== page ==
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Save money with these simple tips.

1. Switch it off

The easiest way of all – when you’re not using an item, switch it off at the wall or unplug it. When you turn off things like a TV or computer, it switches into standby mode rather than completely switching off. This means it can still be using some electricity.

2. Wash smart

Wash your clothes in cold water and you will easily save at least $100 per year. Your clothes will probably last longer too! You should also wait until you have a full load rather than running the machine for just a couple of things. Try to minimise your dryer use and switch to a clothes line instead.

3. Close the gaps

It’s amazing how much heat can escape through a drafty door or window that won't close properly. Make sure all the gaps in your home are blocked (a door snake is a great investment) to get the most from your heater or air conditioner and spend less on electricity. It’s also good to close off areas of the house you aren’t using rather than trying to heat or cool empty rooms.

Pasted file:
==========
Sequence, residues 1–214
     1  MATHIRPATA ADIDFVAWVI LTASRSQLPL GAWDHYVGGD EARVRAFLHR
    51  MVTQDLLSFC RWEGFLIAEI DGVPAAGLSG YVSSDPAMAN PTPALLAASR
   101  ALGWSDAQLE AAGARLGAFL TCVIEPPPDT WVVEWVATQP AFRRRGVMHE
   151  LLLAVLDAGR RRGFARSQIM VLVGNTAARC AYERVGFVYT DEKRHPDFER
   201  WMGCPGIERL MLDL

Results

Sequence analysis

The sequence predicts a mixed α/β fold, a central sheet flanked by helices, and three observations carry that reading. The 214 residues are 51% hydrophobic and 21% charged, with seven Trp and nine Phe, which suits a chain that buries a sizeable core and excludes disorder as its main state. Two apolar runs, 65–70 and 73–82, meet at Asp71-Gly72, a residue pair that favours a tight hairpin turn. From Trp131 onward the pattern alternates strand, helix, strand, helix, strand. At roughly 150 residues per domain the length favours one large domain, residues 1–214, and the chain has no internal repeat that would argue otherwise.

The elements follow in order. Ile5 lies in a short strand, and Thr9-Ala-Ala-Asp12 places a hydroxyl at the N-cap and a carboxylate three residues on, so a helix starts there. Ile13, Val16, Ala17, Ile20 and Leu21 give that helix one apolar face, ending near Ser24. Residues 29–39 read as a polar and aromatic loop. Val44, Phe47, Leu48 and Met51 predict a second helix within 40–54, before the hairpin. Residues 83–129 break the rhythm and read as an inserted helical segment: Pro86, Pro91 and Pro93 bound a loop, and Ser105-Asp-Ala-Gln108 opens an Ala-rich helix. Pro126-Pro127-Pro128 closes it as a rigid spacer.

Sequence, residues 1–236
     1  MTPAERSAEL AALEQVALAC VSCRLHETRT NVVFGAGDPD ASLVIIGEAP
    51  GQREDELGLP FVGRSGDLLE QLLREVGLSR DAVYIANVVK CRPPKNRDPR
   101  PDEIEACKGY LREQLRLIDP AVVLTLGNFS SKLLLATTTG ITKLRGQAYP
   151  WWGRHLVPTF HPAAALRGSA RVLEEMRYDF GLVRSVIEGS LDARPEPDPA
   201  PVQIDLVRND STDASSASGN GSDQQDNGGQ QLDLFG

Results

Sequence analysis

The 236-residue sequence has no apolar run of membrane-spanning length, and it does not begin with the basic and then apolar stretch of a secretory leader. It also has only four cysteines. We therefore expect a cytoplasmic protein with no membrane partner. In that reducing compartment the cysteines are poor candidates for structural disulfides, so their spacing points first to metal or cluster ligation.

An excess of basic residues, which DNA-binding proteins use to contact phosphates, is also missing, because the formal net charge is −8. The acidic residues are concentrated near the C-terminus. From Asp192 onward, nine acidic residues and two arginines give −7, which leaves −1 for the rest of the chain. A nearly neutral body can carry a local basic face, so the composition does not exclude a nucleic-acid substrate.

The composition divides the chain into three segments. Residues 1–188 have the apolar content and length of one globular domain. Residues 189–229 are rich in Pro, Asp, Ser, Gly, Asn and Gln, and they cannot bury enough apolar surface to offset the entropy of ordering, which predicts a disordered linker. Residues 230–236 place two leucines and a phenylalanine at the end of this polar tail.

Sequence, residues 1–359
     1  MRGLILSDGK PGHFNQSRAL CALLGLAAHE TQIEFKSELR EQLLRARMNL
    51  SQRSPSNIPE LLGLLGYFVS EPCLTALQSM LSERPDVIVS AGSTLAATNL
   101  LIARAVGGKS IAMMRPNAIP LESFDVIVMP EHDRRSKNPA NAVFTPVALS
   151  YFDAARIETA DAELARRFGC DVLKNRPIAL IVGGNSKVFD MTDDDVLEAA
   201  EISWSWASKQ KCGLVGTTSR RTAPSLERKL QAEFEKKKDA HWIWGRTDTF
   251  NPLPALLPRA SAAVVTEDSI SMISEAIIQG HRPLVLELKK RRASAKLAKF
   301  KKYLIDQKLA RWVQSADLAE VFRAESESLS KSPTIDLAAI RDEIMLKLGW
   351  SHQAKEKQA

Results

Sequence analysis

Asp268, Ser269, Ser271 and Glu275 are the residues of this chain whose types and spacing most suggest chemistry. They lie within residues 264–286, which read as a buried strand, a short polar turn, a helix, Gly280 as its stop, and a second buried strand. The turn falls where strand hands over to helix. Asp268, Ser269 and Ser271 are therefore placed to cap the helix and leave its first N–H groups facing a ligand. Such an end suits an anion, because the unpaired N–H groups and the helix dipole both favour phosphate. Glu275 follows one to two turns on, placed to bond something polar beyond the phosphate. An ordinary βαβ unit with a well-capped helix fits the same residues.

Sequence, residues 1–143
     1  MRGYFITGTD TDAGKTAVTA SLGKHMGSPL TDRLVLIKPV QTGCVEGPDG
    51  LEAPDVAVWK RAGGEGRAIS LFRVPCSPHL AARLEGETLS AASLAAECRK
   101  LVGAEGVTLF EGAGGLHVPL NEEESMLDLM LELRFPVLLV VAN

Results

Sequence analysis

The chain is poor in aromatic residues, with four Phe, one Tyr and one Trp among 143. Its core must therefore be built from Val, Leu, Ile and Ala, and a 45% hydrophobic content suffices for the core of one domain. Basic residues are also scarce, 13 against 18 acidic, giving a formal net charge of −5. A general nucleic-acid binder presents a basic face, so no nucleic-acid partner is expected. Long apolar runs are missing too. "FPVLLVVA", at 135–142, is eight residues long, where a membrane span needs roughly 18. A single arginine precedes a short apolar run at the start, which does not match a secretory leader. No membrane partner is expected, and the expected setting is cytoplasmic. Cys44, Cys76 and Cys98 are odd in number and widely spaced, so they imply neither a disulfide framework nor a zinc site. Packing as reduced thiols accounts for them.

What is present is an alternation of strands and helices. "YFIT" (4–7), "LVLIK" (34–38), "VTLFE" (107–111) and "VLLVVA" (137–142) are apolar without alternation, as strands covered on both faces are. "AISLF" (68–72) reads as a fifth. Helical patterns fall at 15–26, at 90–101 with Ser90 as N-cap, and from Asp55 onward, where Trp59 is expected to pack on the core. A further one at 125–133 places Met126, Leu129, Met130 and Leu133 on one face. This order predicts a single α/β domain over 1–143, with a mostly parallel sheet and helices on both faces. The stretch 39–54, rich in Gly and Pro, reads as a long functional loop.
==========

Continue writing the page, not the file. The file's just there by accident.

4. Dress for the weather

If it’s cold outside, put on an extra jumper before you turn up the heat. You shouldn’t expect to be sitting in shorts and a tshirt in the middle of winter. Running your heater less often or having it set at a lower temperature can save plenty of electricity.

5. Use your dishwasher

You might think that washing by hand would save electricity and water, but the opposite is actually true. As long as you use your dishwasher correctly and only run it when it is full, you can save on both your major utilities. Plus there’s all those hours you don’t have to spend standing at the sink.

6. Upgrade your appliances

This could present a pricey outlay upfront, but upgrading that leaking fridge or outdated dishwasher could save you in the long run. Most new products will have better energy ratings and you’ll see a significant drop in your power bills. You can also make sure you’re using energy efficient light bulbs across yoir house.

Do you agree with these tips?

Any advice contained in this communication is general advice only. None of the information provided is, or should be considered to be, personal financial advice.

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